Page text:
Last night was one such instance. We had intended to go dancing. We chose Thursday night because by then, Vicky would be back from her various travels and Kelly would not yet have left for her internship in D.C. I was tremendously excited, not having officially “been” twenty-one—and therefore capable of entering any club or bar I please— in the States, yet. We initially made our plan when a bunch of us girls got together at Emily’s house as a sort of “welcome back/good-bye” gathering.
But then people started dropping out. Emily French left for vacation. Emily Holupka went to eat dinner with her friends from college. Becky needed to pack for vacation. Vicky was tired. Thus, Kelly and I were left plan-less and disappointed, both having returned from Europe, with Kelly already about to leave again. I tried my best to make other plans, but my friends just continued to prove their unreliability: Bob invited me to a party in Monroeville, and he was supposed to call me once he was ready to go with the address of the party. Of course, he never called.
After waiting for almost an hour to go to this party, I called Kelly. Both of us were fed up and feeling the overwhelming sentiment of, “screw guys; let’s go get chocolate.” Consequently, we found ourselves parked in Kelly’s van outside the Wendy’s drive-through, eating Frosties and reflecting on our return to the States: how we felt about different aspects of living in the States—I hate having to drive everywhere; she feels weird thinking in partial French; we both despise “needing” so much stuff)—and how different/the same people (our respective families and mutual friends) seemed. We talked about people we know who are in various stages of dying, and how shocked we were about finding out about them since arriving home. This led to discussions about our parents and our random thoughts about their mortality. (What would be our reaction upon hearing the news of our parents’ death? Which parent could handle the other’s death better?) We talked for over an hour, just sitting in the van in the dark parking lot of Edgewood Town Center.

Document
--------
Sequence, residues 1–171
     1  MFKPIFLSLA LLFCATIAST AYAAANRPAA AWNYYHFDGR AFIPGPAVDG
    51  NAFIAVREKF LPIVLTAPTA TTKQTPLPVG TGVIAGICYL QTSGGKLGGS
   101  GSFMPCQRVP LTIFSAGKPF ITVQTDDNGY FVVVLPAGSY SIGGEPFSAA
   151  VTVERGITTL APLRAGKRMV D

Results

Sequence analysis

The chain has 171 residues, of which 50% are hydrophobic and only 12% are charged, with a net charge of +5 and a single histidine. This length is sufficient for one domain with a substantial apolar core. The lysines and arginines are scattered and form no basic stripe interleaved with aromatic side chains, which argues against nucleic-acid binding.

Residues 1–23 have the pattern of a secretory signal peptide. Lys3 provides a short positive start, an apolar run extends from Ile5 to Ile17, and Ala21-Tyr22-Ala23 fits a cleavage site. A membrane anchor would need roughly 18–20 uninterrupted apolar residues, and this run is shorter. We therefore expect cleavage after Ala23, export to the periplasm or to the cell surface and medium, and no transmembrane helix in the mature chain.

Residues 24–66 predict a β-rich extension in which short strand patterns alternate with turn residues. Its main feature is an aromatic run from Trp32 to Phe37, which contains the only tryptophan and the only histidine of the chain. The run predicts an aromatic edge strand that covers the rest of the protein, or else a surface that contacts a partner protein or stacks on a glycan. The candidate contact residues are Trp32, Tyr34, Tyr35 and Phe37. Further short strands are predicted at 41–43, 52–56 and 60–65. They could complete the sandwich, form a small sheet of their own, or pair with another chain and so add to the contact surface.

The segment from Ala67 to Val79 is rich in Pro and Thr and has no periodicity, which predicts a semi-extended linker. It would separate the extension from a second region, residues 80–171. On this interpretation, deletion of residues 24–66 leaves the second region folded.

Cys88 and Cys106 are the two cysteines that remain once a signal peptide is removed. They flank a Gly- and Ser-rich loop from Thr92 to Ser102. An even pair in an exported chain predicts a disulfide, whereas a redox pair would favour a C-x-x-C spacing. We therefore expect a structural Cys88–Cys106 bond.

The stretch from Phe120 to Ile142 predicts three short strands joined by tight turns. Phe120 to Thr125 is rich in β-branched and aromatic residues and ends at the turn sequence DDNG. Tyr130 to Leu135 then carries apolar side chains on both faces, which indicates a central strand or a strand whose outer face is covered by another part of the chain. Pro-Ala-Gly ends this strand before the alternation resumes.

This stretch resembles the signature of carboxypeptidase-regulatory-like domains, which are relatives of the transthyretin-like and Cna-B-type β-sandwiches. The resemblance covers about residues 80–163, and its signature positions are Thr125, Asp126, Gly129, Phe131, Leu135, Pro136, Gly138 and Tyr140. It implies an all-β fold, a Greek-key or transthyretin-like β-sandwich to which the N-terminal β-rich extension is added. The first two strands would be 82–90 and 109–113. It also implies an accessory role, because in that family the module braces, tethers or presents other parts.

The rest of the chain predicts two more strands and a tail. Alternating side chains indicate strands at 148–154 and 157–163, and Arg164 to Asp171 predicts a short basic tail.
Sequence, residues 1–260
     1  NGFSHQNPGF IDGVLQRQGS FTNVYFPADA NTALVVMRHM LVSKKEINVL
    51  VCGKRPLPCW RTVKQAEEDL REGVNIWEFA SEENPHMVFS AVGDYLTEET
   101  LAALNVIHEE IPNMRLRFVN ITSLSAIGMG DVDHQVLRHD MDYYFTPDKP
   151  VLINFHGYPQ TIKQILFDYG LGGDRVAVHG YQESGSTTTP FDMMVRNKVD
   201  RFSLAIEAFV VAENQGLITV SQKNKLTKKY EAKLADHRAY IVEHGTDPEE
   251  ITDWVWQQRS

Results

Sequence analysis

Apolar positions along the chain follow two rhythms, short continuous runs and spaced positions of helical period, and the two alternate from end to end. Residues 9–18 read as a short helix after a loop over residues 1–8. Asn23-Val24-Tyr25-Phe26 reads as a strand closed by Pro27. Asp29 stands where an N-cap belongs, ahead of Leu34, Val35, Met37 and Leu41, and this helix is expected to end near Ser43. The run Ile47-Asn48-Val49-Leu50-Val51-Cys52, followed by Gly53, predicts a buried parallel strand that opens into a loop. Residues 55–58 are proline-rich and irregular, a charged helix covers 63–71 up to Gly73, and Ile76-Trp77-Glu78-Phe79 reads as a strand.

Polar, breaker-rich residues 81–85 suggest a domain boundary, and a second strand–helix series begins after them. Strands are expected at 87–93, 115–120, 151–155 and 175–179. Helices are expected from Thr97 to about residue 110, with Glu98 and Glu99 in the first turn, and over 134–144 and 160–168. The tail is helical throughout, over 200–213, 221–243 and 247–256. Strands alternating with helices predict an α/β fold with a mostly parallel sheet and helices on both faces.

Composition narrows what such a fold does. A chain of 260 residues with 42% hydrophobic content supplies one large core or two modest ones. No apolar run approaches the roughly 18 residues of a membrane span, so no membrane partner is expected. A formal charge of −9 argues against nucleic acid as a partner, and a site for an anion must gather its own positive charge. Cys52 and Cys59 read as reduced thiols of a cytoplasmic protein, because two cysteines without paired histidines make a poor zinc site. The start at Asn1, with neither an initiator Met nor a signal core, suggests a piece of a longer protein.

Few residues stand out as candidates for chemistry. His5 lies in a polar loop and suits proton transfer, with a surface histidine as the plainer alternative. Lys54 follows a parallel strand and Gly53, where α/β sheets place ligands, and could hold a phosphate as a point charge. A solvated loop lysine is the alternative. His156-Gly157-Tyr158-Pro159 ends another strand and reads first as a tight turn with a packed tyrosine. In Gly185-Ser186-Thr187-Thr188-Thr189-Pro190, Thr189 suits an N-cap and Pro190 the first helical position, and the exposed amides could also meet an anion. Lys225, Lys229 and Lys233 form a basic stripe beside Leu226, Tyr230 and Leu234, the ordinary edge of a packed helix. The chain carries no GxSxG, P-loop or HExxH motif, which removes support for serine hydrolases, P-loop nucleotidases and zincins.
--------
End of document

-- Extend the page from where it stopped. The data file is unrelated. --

I cannot believe Kelly is already leaving. The two of us have been on separate continents for almost six months, and we’ve only finally returned to the same city in the past week. I have seen her three times in six days, and I feel like I haven’t said even 2% of all I need to tell her, much less heard all that I imagine she has to say to me. It makes me wonder if trying so hard to keep in touch with people is really worthwhile. Our lives are going to take us separate ways in the end, anyway. In a year, I’ll have a job in one city, and she’ll probably have one somewhere halfway across the country (if not halfway around the world). We might never live within one hundred miles of each other again. What will we get out of staying in touch, other than more stress and renewed memories of a former friendship?
It scares me that I am asking myself these questions, because I have always been the one to insist upon staying in contact with others. I never considered distance anything more than an obstacle to overcome. Now the future, with its jobs and adult-ness, looms before me, begging the question, What is really worth my time and effort? Should I keep harassing Kelly when she doesn’t e-mail me back for two weeks? Should I spend the money to call her? In the end, I fear it might all be nothing more than an exercise in futility. People need people in the here and now. They need bodies. They need faces.
I am really going to miss that girl.